I will take this time to walk you through the entire process of connecting your account, creating repricing rules, importing your buy costs and everything else you need to get Bqool running for your Amazon business.
The first step is to sign up for a free trial.
Note: I will earn a commission if you sign up using my link. While using it would be highly appreciated, you can use any link you want. All proceeds will go towards the development of this blog to become the ultimate resource online for going from dirt broke to filthy rich.
You will have to create an account and then activate your email.
Once you get your account setup, you’ll want to connect Bqool with your Amazon seller account. You can do this via API. Simply click on the “Connect to Amazon” button.
You will have to enter your Amazon store name and select your marketplace. If you are located in the United States like I am, click on “Amazon US”. Next, click on “Connect to Amazon SP API”.
A window from Amazon will pop up asking you to authorize Bqool permissions. Check the box and click confirm to move on to the next step.
Now that you’ve completed connecting your Amazon seller account to Bqool, you will have to wait 4-8 hours for Bqool to download your listings. This is a one-time process that you will not have to repeat.
New listings that you create will be synced automatically by Bqool without you having to do any additional work.
Once the download is complete, you can move on to the next step.
Now it’s time to import your buy costs by syncing Bqool with Inventory Lab.
If you do not use InventoryLab, you can skip this step. You will, however, have to automatically input your buy costs for each ASIN manually.
You do not need to have your buy costs inputted into Bqool in order to reprice, but having them accessible can be useful especially if you want to utilize automatic ROI calculations or want to reference your buy costs while adjusting your prices so that you do not lose money.
That being said, this is a matter of personal preference and how you decide to run your Amazon business.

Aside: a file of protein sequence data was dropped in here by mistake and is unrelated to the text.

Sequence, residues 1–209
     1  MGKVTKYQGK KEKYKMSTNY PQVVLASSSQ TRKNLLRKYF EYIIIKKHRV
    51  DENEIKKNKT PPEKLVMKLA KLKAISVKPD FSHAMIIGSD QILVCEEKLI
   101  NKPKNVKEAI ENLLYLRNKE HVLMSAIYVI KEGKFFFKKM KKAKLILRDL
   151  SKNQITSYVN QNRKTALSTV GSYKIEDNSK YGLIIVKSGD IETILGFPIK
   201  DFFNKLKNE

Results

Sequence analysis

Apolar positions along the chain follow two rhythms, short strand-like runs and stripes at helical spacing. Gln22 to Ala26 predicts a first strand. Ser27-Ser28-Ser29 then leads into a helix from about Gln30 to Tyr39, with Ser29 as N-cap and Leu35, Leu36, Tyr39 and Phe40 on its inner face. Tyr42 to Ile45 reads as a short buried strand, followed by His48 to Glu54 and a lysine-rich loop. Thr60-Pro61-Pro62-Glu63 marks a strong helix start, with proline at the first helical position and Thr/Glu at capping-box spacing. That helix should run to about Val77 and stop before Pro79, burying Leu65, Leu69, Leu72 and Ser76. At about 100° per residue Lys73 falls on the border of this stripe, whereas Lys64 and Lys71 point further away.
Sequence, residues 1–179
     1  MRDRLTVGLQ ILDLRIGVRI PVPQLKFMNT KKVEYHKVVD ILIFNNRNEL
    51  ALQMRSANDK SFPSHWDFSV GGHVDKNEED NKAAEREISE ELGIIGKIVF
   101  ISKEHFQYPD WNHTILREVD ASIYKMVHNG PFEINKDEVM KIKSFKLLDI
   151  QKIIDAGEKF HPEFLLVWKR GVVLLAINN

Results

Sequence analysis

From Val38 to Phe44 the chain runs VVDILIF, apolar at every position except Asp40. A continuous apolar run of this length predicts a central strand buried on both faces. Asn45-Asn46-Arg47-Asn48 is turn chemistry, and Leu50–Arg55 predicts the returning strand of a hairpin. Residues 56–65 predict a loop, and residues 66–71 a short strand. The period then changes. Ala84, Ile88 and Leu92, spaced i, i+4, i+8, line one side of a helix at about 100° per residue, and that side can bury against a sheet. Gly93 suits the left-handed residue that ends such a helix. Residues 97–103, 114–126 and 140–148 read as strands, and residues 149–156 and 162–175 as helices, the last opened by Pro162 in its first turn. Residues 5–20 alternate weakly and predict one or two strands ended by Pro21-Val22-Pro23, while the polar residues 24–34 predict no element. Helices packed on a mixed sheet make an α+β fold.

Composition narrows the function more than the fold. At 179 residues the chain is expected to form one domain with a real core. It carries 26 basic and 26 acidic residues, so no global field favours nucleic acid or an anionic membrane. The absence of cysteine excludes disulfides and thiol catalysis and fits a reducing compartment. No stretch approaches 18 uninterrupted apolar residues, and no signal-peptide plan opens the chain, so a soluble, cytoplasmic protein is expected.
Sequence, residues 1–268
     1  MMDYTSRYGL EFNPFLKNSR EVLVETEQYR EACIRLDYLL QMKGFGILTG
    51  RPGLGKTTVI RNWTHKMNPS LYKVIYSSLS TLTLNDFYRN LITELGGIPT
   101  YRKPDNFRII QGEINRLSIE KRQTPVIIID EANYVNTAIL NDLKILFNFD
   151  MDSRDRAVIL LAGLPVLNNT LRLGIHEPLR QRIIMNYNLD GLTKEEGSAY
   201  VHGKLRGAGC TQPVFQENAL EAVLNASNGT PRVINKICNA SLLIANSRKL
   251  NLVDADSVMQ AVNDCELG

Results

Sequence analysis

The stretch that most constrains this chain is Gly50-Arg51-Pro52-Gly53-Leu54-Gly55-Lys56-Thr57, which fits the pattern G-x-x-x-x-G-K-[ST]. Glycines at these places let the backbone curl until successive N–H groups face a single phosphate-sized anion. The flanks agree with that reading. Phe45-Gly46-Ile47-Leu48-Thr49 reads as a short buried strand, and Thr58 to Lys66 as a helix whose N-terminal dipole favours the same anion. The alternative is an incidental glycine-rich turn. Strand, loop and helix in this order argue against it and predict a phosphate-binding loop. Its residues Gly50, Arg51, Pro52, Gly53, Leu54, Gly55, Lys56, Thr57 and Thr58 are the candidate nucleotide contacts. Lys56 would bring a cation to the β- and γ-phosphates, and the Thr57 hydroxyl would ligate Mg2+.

To begin importing InventoryLab buy costs, click on Active listings.
Click on Settings -> General
In general settings, find the section for InventoryLab Integration and turn it on. You can choose which cost type to import. I go for highest cost, because I often purchase the same item from different stores (Burlington, Ross, Marshalls) and I like to use the highest cost I have for an item as a reference when repricing. That being said, you can also use average cost or current cost.
Now that you’ve turned on the integration from the Bqool end, you’ll also be prompted to enable it from within InventoryLab.
The instructions are below.
Go to InventoryLab and click on the settings tab.
If you click on your name, a drop down menu will show up.
You can find settings under there.
Click on the Integrations tab on the left sidebar.
Then find Bqool and turn it on.
It will ask you if you are ready to sync your buy costs. Press connect.
You should get this message once the connection is successful.
Next, let’s review the other options in general settings
Set your default time zone to your time zone.
Next, I personally reset my prices to the maximum when my listings are out of stock.
I find that this is a useful feature for when I sell out of an item but find another one when I’m out sourcing.
Resetting the price to the maximum ensures that I can generate more profit than if I did not reset my prices after selling out.
The market may have risen since you sold out, and there is no need to sell your item for less than you can get for it on the market.
Next, I opt to pause repricing when my listings are out of stock for 30 days. I simply have this enabled so that my old out-of-stock listings do not clog up my available AI listings.
You only get a certain amount of listings that you can apply AI repricing rules to with Bqool plans.
Having this feature on ensures that you do not waste your AI repricing rules on listings that are out of stock. You can adjust the time frame to your own personal needs. If you have items that may take longer than 30 days to replenish, you may want to choose a different time frame. This is just how I have it set up.
Now let’s scroll down.
Refer to the pictures above/below when reading the next section
I personally do not set my minimum prices automatically, but you can choose to do so based on a variety of different criteria.